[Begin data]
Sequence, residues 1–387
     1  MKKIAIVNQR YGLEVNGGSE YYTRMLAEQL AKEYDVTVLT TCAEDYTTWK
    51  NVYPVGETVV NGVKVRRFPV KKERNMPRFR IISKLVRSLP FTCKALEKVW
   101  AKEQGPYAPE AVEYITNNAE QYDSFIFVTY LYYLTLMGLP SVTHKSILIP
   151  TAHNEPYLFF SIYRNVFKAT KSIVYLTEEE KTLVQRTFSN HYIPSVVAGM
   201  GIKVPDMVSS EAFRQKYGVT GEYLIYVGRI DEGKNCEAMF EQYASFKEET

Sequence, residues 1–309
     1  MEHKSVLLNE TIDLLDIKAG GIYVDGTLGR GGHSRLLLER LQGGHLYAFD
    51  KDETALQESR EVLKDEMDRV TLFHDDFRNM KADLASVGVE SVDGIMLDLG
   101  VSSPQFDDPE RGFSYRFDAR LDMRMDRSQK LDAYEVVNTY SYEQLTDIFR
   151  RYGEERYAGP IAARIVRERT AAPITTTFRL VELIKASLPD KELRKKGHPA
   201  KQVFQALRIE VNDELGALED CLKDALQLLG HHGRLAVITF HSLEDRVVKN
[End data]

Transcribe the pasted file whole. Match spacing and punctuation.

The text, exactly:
Sequence, residues 1–387
     1  MKKIAIVNQR YGLEVNGGSE YYTRMLAEQL AKEYDVTVLT TCAEDYTTWK
    51  NVYPVGETVV NGVKVRRFPV KKERNMPRFR IISKLVRSLP FTCKALEKVW
   101  AKEQGPYAPE AVEYITNNAE QYDSFIFVTY LYYLTLMGLP SVTHKSILIP
   151  TAHNEPYLFF SIYRNVFKAT KSIVYLTEEE KTLVQRTFSN HYIPSVVAGM
   201  GIKVPDMVSS EAFRQKYGVT GEYLIYVGRI DEGKNCEAMF EQYASFKEET

Sequence, residues 1–309
     1  MEHKSVLLNE TIDLLDIKAG GIYVDGTLGR GGHSRLLLER LQGGHLYAFD
    51  KDETALQESR EVLKDEMDRV TLFHDDFRNM KADLASVGVE SVDGIMLDLG
   101  VSSPQFDDPE RGFSYRFDAR LDMRMDRSQK LDAYEVVNTY SYEQLTDIFR
   151  RYGEERYAGP IAARIVRERT AAPITTTFRL VELIKASLPD KELRKKGHPA
   201  KQVFQALRIE VNDELGALED CLKDALQLLG HHGRLAVITF HSLEDRVVKN